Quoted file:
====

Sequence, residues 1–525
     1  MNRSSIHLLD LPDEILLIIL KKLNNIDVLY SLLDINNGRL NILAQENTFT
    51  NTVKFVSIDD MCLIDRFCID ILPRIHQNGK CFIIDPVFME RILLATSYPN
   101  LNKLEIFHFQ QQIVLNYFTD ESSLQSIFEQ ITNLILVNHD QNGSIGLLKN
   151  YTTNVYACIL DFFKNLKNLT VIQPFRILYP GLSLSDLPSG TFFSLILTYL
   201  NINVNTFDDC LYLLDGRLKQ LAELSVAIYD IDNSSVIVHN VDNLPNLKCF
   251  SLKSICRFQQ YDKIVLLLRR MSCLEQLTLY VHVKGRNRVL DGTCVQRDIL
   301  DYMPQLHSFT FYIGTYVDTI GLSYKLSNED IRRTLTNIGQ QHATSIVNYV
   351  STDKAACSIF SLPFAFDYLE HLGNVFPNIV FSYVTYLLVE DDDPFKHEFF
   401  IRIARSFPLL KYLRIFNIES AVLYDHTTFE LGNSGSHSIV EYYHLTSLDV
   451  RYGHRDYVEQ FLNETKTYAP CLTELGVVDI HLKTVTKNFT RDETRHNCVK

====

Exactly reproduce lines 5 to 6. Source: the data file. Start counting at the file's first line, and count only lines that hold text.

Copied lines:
   151  YTTNVYACIL DFFKNLKNLT VIQPFRILYP GLSLSDLPSG TFFSLILTYL
   201  NINVNTFDDC LYLLDGRLKQ LAELSVAIYD IDNSSVIVHN VDNLPNLKCF